Southwark Anglican Cathedral
16 December 2019
It was early September when I first saw a Selection Box on sale in a supermarket. By mid-October I heard someone say they were already fed up with Christmas. In late November someone told me they thought Christmas was a waste of time and money, and couldn’t be over quick enough. Most recently, I went to buy some festive decorations from a garden centre. An assistant said she was very sorry but they’d been put away to get the shelves ready for January. There wasn’t much ‘Ho, Ho, Ho’ about any of it!
I don’t think we’ve quite reached a stage where Christmas is a Marmite issue. For some though, it will, sadly, bring anguish and isolation, with the reality of poverty made more acute. And in the aftermath of the General Election we all need to rededicate ourselves to working for the good of each other, of our city, and of our country as a whole.
Despite everything, the vast majority of people do want to embrace some yuletide cheer. And, thankfully, there are so many who will look beyond their own comfort to serve others over the holiday season. We think particularly of those across London – our emergency service personnel and NHS staff; our social and community services; our charities and volunteer networks – all of whom will continue to care for us, protect us, and support us.
There is, though, a problem with Christmas. Stuck on life’s conveyor belt, we can struggle to pause and cherish the gift it offers. Looking forward to something wonderful, and wishing away something terrible, is all quite understandable. But the urgency of modern living so easily robs us of any ability to savour the ‘here and now,’ to live the present moment. So much of today is overshadowed by yesterday and already too full of tomorrow. But Christmas, at least momentarily, offer us an alternative.
In churches and schools, city squares and shopping centres, a small scene will be constructed for the next few weeks. There will be some kind of shed or cave, with straw scattered across its floor. A cow and a donkey will provide the backdrop for a Holy Family huddled together. The proud father and devoted mother look down on their baby. Simple sheep farmers stand gazing on one side while bejewelled monarchs kneel adoringly on the other. For a moment, time seems to stand still. There’s a space for everyone and the peace of that silent and holy night reaches the now of our existence. The God of all things enters the world in human flesh. A child is born for us, tiny and vulnerable. At the heart of Christmas eternity breaks into history, heaven touches earth. All is calm, all is bright. The here and now becomes a time to savour a Son given to us in the stillness of the present moment.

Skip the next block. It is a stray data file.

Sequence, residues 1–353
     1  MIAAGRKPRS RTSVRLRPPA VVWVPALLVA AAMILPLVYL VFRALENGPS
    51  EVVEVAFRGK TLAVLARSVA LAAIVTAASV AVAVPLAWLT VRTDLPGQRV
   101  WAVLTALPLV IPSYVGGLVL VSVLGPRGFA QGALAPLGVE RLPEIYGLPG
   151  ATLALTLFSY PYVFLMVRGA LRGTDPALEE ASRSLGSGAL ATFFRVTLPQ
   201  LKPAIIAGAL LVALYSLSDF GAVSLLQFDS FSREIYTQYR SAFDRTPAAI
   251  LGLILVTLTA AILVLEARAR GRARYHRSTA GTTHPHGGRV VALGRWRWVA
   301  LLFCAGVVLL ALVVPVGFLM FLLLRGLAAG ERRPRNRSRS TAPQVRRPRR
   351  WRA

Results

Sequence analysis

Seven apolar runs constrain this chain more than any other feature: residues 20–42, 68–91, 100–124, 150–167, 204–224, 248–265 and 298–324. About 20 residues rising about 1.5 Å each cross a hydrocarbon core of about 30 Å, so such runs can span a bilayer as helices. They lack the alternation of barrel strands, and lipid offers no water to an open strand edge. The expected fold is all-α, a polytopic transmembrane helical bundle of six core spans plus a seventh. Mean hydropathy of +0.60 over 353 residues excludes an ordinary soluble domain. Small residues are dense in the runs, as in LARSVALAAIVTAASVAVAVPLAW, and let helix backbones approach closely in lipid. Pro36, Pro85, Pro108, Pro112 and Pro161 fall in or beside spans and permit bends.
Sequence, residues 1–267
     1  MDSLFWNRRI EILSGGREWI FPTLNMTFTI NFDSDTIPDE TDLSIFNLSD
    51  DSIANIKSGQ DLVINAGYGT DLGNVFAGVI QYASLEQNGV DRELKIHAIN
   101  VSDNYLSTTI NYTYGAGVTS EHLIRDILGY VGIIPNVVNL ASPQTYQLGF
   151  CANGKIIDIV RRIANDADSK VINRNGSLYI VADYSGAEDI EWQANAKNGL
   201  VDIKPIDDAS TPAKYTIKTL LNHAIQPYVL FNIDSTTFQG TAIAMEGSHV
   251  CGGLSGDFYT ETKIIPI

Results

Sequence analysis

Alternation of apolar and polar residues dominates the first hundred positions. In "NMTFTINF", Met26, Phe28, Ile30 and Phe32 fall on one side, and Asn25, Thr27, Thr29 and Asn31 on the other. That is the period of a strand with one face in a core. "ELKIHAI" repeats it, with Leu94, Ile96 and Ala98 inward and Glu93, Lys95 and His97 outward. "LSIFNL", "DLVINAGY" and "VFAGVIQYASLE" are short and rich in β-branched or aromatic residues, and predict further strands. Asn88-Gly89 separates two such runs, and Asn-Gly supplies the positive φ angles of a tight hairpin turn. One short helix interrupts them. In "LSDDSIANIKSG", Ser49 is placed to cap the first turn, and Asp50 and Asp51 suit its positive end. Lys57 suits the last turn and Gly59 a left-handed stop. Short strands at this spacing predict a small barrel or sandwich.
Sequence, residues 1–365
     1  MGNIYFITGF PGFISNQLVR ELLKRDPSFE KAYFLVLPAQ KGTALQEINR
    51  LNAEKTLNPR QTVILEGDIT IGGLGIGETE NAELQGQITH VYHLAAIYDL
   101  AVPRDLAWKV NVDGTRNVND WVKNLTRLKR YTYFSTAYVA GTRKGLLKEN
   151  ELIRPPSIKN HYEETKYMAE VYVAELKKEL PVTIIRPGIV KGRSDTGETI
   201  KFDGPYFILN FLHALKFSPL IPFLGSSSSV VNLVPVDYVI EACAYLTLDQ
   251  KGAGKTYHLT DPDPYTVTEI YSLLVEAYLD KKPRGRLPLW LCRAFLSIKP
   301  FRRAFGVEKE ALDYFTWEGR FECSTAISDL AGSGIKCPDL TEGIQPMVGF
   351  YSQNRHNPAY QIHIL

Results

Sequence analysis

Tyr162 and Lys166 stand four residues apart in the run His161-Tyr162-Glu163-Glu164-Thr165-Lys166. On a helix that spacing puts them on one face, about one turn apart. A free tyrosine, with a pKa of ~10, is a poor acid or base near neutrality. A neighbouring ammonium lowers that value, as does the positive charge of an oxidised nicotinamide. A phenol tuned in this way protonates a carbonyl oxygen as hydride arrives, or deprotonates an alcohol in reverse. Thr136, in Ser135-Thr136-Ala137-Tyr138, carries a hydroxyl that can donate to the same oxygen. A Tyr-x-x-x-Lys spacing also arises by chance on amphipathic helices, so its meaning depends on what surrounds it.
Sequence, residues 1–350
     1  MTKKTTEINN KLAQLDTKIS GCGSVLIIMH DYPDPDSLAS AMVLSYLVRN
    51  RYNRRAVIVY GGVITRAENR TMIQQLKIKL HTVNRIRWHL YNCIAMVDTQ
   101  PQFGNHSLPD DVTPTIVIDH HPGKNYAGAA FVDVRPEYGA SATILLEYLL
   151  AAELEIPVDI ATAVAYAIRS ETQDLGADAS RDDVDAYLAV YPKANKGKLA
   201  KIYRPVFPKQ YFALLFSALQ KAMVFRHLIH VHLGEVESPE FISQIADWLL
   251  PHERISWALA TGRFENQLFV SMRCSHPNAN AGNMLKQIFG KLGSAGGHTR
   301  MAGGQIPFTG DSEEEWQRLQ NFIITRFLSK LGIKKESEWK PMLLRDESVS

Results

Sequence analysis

Individuals, couples and families, will come before this nativity scene and pause in prayerful wonder. In quiet contemplation, we stop, just for a second or two, before the infant king who brings a new way of living and a new way of loving. In this human life, one that knew tears and smiles as we do, God’s unfolding love for the world finds a foothold on our planet. From the crib to the cross, Jesus is the one for others. His gifts are forgiveness, peace, and joy. His ways are justice, integrity, and solidarity. His word is truth and his power is love, a love from which no one is excluded. In that silence pause before poor family of Bethlehem hope is rekindled.
Whoever we are, whatever our belief, might it be possible this Christmas to learn something, anew or again, from the lesson of the crib? Over these coming days of Christmas, might we appreciate more the present moment resisting the temptation to ‘get it over with’? Could we be especially attentive to the people that we will encounter, both the friend and the stranger?
Of course none of us can live in slow motion, but do we really want to be on constant fast forward? How can we more consciously treasure the Christmas present, especially in relation to the people we love and those suffering and in distress?
The timeless values of the Christmas crib are harmony, generosity, and a love that builds peace. Perhaps this Christmas we can allow the time to pass just a little bit more slowly, not to bore us silly, but so that we can value all that is beautiful and holy in our lives together, with new wonder, with deeper appreciation, and with greater gratitude.
May God bless you and your loved ones, and all those across London, this Christmas. And may God renew within each of us an enduring spirit of peace throughout the coming New Year.